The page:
Yet as a faculty member those few seconds between setting down my briefcase and books and when I turn to face my new class and begin to speak is a sacred moment like no other.  Something  CONTINUED: In that first breath of a new class: a professor’s thoughts standing at the podium on day one

With or Without You: "sound beyond mere words" and Much's "The Scream"

For fans of Bono's "sounds beyond words," (see  "Oh, God!" and  Wordless Vocals"),
read Jeff Kuess:
 “With or Without You” – is a song of longing to be alive, yet the resolution to this longing is not to be found in the accumulation of material wealth, experiences or even just having more time.  Rather, the protagonist of the song comes to the realization that to be fully alive will require binding his life to the one he loves and in doing so, will end any sense of selfhood he had previously known or aspired to.  As the protagonist wails in both lament and exaltation the refrain “with or without you, I cannot live”, the song moves from mere lyrics to a release into something beyond categories.  At approximately three minutes into the song, lead singer Bono moves from words into a scream that is the sonic representation of Edvard Munch’s 1893 painting “The Scream.” With this release of the self into the sound beyond mere words, this simple pop song points toward much of what Lent is about.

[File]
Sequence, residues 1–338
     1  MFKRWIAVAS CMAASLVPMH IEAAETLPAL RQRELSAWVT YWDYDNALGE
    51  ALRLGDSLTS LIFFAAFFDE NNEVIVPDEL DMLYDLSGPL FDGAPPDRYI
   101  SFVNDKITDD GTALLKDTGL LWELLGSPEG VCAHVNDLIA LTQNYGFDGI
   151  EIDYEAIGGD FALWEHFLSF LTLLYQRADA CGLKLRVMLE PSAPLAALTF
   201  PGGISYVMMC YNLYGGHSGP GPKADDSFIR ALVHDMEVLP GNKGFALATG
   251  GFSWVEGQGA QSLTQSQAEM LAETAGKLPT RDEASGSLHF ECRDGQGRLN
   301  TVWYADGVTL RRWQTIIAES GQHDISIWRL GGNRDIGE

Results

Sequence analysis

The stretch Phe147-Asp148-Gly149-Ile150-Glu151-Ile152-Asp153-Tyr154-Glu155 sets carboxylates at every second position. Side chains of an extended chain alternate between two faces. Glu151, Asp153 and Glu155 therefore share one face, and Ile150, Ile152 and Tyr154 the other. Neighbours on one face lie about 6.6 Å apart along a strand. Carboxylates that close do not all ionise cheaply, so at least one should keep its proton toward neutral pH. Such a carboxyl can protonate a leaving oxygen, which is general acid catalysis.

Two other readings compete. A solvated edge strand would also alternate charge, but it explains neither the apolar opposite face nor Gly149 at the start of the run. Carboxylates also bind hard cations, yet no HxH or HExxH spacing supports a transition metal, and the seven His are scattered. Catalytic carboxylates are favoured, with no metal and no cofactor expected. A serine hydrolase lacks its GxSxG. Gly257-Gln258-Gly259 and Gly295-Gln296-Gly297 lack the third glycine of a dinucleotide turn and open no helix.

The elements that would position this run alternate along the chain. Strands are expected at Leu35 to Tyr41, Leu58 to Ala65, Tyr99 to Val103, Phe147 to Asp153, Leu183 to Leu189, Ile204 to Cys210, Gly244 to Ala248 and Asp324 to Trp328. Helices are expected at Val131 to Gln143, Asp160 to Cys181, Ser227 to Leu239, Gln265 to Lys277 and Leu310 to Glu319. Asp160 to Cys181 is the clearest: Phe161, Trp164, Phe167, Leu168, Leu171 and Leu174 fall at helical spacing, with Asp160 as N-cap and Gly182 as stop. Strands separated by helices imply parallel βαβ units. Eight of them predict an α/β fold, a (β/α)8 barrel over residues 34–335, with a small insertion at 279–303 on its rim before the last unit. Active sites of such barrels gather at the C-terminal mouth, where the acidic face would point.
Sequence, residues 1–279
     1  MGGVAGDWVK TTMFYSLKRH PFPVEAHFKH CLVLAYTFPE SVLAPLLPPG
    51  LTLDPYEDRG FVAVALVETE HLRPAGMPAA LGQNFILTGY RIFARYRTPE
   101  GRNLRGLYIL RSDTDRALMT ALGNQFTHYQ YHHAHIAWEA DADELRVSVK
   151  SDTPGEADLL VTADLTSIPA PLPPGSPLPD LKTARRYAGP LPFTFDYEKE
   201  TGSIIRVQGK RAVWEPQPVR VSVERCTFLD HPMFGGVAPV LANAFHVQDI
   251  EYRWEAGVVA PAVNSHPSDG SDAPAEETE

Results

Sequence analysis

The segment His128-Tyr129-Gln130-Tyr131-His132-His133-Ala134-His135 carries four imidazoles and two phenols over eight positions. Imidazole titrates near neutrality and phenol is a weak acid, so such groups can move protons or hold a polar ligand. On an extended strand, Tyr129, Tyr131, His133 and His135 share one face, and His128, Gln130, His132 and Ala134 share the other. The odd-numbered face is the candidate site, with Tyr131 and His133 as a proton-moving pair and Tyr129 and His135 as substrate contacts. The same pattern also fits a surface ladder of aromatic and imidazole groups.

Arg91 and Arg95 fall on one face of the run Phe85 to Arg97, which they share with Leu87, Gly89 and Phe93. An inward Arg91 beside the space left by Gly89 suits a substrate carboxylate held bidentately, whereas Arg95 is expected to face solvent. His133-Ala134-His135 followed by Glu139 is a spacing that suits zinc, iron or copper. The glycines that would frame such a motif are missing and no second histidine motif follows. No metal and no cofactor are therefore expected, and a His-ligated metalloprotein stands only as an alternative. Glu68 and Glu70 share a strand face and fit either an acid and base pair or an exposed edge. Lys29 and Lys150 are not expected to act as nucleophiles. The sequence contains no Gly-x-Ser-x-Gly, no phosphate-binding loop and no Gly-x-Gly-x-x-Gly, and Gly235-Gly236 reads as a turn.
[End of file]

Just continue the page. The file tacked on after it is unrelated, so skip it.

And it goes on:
After Bono’s scream of release quiets down and Edge slowly brings the song to a close with Adam’s steady bassline, I am left asking the question: Is what it means to be in the world either about gathering things to ourself – people, experiences, material possessions, knowledge – as an accumulating mode that ever increases and never relinquishes?  Or are we merely to absolve everything, put the responsibility on mentors, doctrines, traditions and take no responsibility for our lives?  Both paths in absolute will be our death. -Jeff Keuss,

(just about) everything I learned about Lent I learned from U2